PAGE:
How much alcohol is too much? According to a new study published in the Lancet, any amount of alcohol beyond 100g per week (the equivalent of about 5 standard drinks per week) increases our risk of premature death from stroke, coronary disease (excluding myocardial infarction), heart failure, fatal hypertensive disease, and fatal aortic aneurysm. In this study it was found that, at the population level, reductions in alcohol consumption could increase life expectancy by up to 2 years in a typical 40-year-old drinker. The new 100 g per week safe threshold for alcohol consumption suggested in this study is substantially lower than current guidelines in Canada, and in many other countries. Further research is needed to investigate.
In a report released by the World Health Organization, it was found that Canadians aged 15 and older drank on average 10 litres of pure alcohol per capita annually —3.6 litres more than the world average, making us heavier drinkers than our neighbours to the south.
Alcohol is a psychoactive drug that has a depressant effect and it can be addictive. To learn more about early warning signs of addictive behaviour, click here. Short term effects of alcohol include intoxication, dehydration, and poisoning (if consumed in enough quantity). Long-term over-consumption of alcohol can lead to permanent damage of many organs and important body systems.
The long term negative effects of excess alcohol consumption include changes to liver metabolism, addiction, damage to the central nervous system and increased cancer risk including breast, colon and liver cancer and also cancers of the mouth, pharynx, larynx and esophagus. Not to mention unwanted weight gain ("beer belly"), chronic sleep disturbances, and negative changes in mood. The negative effects of alcohol consumption on fetal development and female fertility are well known, but interestingly, more recent research has also demonstrated that even modest consumption of alcohol (5 drinks per week) can have a negative impact on male fertility.
If that wasn't enough, alcohol also provides “empty” calories (calories with little nutritional value). Consuming "empty" calories in excess often results in weight gain and leads to additional health problems. Click here to discover just how many calories are in common cocktails.
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Are there any benefits to consuming alcohol in small quantities?
Interestingly, research suggests that alcohol, when consumed in moderation, is associated with certain health benefits, including the reduction of heart disease risk through the raising of protective HDL cholesterol "good cholesterol". Also, both red and white wine contains antioxidants that offer cardio-protective benefits, which are present in the grapes used to make the wine. However, many health experts argue that the potential health benefits of enjoying the odd glass of wine, for example, are not substantive enough to outweigh the potential risks associated with consuming too much alcohol. Also, it's important to note that you don't need to drink wine to get the antioxidant benefits of red grapes, for example, you can just eat the grapes instead. There is a very fine line between consuming a safe amount of alcohol and an unhealthy amount.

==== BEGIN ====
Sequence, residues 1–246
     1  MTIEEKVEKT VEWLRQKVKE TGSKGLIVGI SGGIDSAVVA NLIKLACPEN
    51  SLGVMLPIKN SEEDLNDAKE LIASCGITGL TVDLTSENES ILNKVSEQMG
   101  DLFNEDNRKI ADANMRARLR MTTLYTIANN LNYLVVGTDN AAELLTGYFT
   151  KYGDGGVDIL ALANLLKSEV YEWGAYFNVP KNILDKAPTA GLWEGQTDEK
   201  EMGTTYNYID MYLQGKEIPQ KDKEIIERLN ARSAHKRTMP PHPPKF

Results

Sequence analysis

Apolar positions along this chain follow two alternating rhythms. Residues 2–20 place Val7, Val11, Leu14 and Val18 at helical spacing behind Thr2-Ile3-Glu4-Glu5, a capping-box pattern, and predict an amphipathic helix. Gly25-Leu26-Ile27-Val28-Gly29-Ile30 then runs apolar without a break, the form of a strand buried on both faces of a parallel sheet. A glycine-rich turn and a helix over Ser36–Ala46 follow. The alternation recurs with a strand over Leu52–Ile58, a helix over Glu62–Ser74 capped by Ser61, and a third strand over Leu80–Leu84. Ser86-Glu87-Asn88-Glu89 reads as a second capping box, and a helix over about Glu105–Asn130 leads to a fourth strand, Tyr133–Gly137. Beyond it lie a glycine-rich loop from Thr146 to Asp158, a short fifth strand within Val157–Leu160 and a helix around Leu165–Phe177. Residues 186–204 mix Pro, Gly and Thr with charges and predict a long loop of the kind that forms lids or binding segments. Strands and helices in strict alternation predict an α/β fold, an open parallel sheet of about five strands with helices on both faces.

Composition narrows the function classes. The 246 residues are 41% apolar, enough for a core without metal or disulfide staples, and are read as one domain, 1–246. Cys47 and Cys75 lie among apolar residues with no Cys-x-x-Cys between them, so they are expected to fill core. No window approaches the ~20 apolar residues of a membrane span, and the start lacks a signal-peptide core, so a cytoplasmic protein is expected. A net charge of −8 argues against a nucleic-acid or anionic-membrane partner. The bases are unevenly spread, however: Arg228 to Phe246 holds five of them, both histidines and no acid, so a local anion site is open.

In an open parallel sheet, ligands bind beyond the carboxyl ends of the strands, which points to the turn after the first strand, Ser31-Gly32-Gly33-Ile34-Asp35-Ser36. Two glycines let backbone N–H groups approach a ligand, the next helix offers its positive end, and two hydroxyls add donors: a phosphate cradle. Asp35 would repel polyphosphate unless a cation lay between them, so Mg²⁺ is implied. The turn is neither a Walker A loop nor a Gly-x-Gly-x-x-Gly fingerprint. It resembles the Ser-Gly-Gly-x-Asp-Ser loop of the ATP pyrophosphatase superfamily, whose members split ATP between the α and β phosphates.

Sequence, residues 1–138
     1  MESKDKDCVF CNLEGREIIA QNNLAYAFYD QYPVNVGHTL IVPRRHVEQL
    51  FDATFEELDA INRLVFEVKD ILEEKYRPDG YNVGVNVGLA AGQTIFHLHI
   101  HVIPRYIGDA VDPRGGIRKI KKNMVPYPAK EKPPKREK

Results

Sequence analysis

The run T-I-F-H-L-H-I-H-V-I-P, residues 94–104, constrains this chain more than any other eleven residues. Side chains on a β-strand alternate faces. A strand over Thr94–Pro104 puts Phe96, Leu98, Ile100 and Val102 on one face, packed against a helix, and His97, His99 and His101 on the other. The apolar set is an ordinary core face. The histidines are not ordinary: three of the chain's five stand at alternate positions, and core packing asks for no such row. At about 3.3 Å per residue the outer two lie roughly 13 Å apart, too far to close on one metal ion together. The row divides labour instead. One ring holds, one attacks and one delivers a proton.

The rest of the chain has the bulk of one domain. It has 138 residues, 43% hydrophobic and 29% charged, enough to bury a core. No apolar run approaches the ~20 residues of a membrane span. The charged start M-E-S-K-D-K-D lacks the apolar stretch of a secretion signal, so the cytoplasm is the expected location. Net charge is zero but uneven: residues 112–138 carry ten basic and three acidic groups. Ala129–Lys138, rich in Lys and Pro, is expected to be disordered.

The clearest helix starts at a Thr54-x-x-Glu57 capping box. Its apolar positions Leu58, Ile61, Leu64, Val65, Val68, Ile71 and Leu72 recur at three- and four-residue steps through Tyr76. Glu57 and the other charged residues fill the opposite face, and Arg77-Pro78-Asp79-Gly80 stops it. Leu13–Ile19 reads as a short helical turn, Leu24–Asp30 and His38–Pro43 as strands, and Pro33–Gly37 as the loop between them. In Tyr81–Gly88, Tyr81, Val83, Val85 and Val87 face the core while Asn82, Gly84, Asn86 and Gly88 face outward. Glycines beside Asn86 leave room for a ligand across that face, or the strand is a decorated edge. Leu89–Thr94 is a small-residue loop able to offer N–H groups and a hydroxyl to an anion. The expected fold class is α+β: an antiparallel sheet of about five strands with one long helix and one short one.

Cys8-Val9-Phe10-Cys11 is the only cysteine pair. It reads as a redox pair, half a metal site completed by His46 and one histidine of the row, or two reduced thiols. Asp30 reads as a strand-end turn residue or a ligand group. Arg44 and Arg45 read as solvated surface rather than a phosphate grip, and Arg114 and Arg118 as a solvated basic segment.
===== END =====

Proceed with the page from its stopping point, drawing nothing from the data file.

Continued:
So, the million dollar question, how much alcohol is too much?
For years there has been a general consensus within the medical and scientific community in Canada that alcoholic beverages can safely be consumed within the following guidelines:
- Up to a maximum of 7-9 standard drinks per week for women, and;
- Up to a maximum of 14 drinks per week for men; and
- Not exceeding 1-2 drinks on any particular day; and
- Not consuming alcohol every day - skipping days of alcohol consumption entirely, even if the total quantity per week meets the guidelines.
- One “drink” is considered to be 12 ounces (341 ml) of beer, 5 ounces (142 ml) of wine, or 1.5 ounces (43 ml) of spirits.
- Note that the guidelines are such that individuals can't "save up" drink allowances to "double up" on a particular day.
However, given the recent findings published in The Lancet, health experts are debating whether the above guidelines regarding the "safe limits" of alcohol consumption should be lowered for both men and women. Read full report here.
Try these simple tips for limiting your alcohol consumption and making healthier beverage choices:
- Alternate alcoholic drinks with non-alcoholic beverages. Opt for all-natural, low-sugar beverages such as sparkling water infused with lime, cucumber, mint, or pomegranate seeds.
- When consuming alcohol, use a small glass vs. a large glass and/or add a lot of ice cubes to dilute the alcohol content.
- Opt for a white wine spritzer (1 part white wine, 1 part sparkling water) vs. white wine.
- Choose "light" beers with lower alcohol content. When dining out, opt for a bottle of beer (which is typically 330 ml - 375 ml) instead of a pint of beer (which is typically 568 ml in Canada)
- When choosing wine at a restaurant, opt for the smallest serving offered on the menu (eg. a 4 oz or 5 oz glass, vs. an 8 oz or a 10 oz glass) and look for wines that are naturally lower in alcohol.
- Instead of opting for a mixed drink made with sugary pop, opt for a natural mixer such as soda water and, if needed, flavour your drinks with a few slices of fresh fruit or fresh herbs.
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